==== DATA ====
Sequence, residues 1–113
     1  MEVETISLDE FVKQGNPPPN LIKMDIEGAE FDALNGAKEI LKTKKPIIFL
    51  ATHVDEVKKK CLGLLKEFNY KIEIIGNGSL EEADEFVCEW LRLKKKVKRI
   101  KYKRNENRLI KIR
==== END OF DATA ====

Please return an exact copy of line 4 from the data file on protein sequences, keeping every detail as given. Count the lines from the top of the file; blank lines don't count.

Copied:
   101  KYKRNENRLI KIR